It was nothing like what I expected!

CampI climbed on the bus filled with another 100 joyful volunteers who had no clue of what is going to come their way, something that will change their lives forever and for good. We reached our destination,’Hoskote’ in about one and a half hours with the same enthusiasm when we started the journey. It was so serene, sense of relief swept over me being away from the loud noises of the concrete jungle I lived in. We were quickly briefed about the objective which was to help the villagers celebrate Independence Day and tasks to be completed by our management and seniors. Without wasting any more time, we were distributed to 6 groups, assigned to each village of the area.

I was allocated to the village ‘Uparsana’.  After brainstorming for the acitivites to be held, then came the part I was eagerly waiting for, house visits! I was overwhelmed with the hospitality of the locals in the village; each member greeted us with the widest smile and invited us, strangers into their houses as if we were their own. Being a foreigner, language was a barrier for me. Yet it didn’t stop me from asking what I wanted with the help of my fellow volunteers who were familiar with the language they spoke. What amazed me most is that, even with so little they had, they didn’t hesitate for a minute to share with us what they had. They treated us with a delicious meal. It was food for the soul. We came back to our camp site while it was raining heavily and we faced a number of obstacles, but with the continuous support of our seniors it didn’t affect our moods or our motivation to make Independence Day one to remember for the villagers.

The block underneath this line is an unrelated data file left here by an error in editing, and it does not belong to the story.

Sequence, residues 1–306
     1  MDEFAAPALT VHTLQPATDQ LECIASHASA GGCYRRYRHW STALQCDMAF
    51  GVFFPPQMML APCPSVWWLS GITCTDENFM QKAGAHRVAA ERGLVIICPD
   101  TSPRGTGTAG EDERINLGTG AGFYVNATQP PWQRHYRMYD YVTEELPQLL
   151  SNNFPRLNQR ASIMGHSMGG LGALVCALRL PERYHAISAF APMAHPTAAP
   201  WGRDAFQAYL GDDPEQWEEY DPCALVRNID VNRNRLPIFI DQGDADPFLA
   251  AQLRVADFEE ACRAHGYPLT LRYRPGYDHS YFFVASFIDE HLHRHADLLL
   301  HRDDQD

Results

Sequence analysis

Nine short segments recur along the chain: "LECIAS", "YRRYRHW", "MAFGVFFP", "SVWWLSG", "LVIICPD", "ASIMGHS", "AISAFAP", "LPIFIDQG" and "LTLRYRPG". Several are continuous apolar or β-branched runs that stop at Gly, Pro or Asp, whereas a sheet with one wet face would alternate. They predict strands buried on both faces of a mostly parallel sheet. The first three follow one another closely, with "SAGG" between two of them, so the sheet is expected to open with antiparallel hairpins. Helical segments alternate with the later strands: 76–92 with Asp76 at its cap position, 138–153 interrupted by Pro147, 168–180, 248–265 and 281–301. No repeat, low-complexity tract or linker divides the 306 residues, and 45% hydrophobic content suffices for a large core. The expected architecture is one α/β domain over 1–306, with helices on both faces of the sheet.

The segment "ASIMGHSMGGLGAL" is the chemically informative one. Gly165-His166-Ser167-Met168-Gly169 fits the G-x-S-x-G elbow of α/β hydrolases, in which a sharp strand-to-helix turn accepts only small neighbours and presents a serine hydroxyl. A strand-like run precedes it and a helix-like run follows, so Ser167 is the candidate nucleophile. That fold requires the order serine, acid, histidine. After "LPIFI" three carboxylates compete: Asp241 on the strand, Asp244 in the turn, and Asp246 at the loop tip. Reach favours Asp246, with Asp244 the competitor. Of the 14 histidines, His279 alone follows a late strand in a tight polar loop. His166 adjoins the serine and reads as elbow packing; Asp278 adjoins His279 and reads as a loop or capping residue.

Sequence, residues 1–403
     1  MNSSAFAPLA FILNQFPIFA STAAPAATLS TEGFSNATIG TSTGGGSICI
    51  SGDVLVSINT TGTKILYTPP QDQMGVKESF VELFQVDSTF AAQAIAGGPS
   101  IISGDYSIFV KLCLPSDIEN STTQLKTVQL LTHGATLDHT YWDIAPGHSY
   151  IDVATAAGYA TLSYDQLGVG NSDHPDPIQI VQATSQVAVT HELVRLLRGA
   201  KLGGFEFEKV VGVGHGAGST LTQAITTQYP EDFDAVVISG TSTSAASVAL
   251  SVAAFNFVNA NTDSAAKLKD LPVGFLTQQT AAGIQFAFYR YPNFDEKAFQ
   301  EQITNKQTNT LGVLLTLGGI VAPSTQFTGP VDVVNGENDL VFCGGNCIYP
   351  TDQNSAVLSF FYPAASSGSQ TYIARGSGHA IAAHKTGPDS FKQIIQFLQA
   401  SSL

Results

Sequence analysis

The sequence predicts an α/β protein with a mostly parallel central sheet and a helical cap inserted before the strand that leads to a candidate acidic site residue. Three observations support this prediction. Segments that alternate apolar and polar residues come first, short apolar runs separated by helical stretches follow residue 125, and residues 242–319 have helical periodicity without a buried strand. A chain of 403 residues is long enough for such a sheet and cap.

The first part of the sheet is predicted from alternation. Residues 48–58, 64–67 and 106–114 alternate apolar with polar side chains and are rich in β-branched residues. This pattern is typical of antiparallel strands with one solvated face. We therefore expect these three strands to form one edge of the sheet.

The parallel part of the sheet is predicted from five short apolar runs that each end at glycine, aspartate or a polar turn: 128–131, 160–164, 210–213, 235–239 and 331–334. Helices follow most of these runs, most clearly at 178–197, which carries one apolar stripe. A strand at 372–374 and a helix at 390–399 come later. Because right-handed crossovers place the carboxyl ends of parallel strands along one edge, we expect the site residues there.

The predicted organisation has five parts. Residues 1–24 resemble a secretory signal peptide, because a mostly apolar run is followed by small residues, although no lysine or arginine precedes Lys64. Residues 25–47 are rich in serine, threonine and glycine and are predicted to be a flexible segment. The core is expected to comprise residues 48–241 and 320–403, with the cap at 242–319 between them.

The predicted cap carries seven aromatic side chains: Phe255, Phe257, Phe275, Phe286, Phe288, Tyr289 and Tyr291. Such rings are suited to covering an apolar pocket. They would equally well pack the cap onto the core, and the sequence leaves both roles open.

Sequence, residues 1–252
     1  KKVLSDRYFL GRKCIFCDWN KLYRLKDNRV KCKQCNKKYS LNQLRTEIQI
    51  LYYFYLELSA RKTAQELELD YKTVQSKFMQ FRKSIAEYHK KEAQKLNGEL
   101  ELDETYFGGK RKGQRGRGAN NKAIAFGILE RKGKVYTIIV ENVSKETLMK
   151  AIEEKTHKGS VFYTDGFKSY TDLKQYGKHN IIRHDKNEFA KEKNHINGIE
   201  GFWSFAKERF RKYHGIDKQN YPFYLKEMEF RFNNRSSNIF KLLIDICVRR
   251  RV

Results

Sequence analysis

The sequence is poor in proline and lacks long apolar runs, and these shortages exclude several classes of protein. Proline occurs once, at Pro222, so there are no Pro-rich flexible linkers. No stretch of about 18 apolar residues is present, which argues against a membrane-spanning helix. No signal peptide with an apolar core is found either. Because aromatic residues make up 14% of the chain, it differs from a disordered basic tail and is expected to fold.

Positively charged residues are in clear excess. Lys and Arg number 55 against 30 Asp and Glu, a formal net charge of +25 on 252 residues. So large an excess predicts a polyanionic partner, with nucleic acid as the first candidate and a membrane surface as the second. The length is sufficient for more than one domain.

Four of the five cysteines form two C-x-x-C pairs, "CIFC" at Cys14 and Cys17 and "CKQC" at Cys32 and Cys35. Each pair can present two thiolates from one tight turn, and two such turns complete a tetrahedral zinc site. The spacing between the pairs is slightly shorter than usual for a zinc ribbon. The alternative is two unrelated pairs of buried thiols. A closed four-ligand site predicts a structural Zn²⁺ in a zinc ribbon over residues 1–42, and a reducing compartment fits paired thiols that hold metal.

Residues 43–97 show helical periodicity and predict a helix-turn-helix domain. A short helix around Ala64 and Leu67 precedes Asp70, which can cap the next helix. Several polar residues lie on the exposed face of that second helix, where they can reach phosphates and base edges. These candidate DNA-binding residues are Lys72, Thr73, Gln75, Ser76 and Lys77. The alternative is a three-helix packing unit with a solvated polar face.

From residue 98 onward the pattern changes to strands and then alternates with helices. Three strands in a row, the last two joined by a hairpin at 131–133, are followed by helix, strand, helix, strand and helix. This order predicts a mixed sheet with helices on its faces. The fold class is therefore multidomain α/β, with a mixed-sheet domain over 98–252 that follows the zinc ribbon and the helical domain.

On Independence Day, we reached our respective villages assigned early in the morning and help decorate the school with as many colours we can and organized activities for the women, men and kids if the village. Their smile was worth everything we worked for! We had a superb time celebrating the auspicious day with the great patriotic spirit like I never experienced before, I felt like I belonged to India too.

Our teambuilding sessions were up next, we danced to the latest beats all the volunteers together and we had the CSA dance which helped us in getting to know each other even better. Finally we had the interactive session with Shakunthala Ma’am who is the head of the Community Building Organization (CBO) of the village. She was truly a remarkable woman. I went to the village expecting to see helpless locals, but after getting to know the outstanding work the women of the village had done I felt like the helpless one. What striked me the most is that, with their hard work the people had made 10 Crores from the initial amount of 25 lakhs CSA had donated initially on 2003 when the project was first started in the village. This was a true achievement. It made me believe that if you had the spirit and passion towards achieving a goal, even with so little you can accomplish it no matter how many obstacles that come your way. The camp and the empowered women inspired us to do our part in contributing even more for the betterment of the world we live in.

“Let us not be satisfied with just giving money. Money is not enough, money can be got, but they need your hearts to love them. So, spread your love everywhere you go”

-Mother Teresa-

Reported by: Umna Luthfee, IPSEco ; Edited by: Priyanka Chakrabarty, IIPSEng

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By Centre for Social Action Posted in 1

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